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Always Sometimes Monsters: Become the Commentary

Company: Devolver Digital

Slay beasts. Conquer territories. Become a legend. Redeem yourself. Destroy your enemies. These are all common goals to video games of all kinds. Most games have you, the player, attaining some form of greatness by the end of the experience. They usually exist to give you an experience that you would otherwise only be able to imagine in your wildest fantasies. So when a game like Always Sometimes Monsters shows up, those who are there to witness its arrival are shaken to the core by the mere premise of the idea. This is not a game for the dreamers.

Always Sometimes Monsters is an examination of human nature through trials that, by comparison with those in almost every other game, are mundane, undesirable, real. It's also an examination of choice and consequence; while games like Mass Effect and Dishonored go to great lengths to show you the consequences of even the smallest of your actions, Always Sometimes Monsters is more realistic about it. The butterfly effect may be out in full force, but just because you bumped into a random guy on the street doesn't mean that you've inadvertently set into motion the events that trigger World War III.

So, what the hell is Always Sometimes Monsters? I can think of a hundred things that it is not, but I can think of one particularly ironic descriptor that fits it perfectly: it's hard to explain. You take control of a starving artist type who seems to have a lot to look forward to: you're a writer who has caught the attention of a very important individual who thinks that you might very well have a future. You've got a significant other who is completely supportive of your ambitions. Things look good. But then the game suddenly lurches a year into the future. Your character is now destitute; your rent is a month overdue and you have little more than $10 to your name. What happened? How can you get out of this mess? Well, that's where Always Sometimes Monsters tests you.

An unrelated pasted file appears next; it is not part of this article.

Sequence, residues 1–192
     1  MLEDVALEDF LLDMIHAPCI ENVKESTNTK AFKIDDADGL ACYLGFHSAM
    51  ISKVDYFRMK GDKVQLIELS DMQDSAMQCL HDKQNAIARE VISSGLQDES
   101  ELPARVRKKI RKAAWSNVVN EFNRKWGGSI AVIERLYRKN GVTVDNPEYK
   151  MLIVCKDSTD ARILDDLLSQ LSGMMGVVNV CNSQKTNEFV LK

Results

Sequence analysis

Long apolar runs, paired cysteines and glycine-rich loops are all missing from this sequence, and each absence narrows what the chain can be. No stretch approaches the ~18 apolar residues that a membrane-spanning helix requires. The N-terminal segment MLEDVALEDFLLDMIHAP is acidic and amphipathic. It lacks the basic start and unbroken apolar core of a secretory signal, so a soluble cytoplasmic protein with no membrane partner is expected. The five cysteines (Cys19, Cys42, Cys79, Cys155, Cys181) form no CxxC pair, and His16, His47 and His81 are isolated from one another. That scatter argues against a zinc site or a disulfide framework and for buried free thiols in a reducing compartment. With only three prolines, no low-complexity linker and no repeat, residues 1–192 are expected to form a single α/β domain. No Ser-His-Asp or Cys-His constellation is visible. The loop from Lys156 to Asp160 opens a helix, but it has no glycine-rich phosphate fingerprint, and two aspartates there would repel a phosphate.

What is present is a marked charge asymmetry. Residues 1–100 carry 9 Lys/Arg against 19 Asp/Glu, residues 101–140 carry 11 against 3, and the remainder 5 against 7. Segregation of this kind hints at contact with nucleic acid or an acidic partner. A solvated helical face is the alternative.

But how does the game play? To be truthful, it plays more like an interactive novel than anything else. Think Quantic Dream, only less pretentious and reduced to a pleasing and hip retro aesthetic. You're immediately kicked out of your place and told to come up with $500 by the end of the day, or be evicted otherwise. What you do from there... is up to you. You've got some leads, but off the beaten path are... shall we say... opportunities. These are really well-written diversions that provoke a great deal of introspection; first and foremost in your mind is that often-uncomfortable question: what would you do?

Devolver Digital has been a champion of great indie titles, and it looks like Always Sometimes Monsters will continue the trend. The game recently launched on Steam; check back for a full review.

-FenixDown, GameVortex Communications
AKA Jon Carlos

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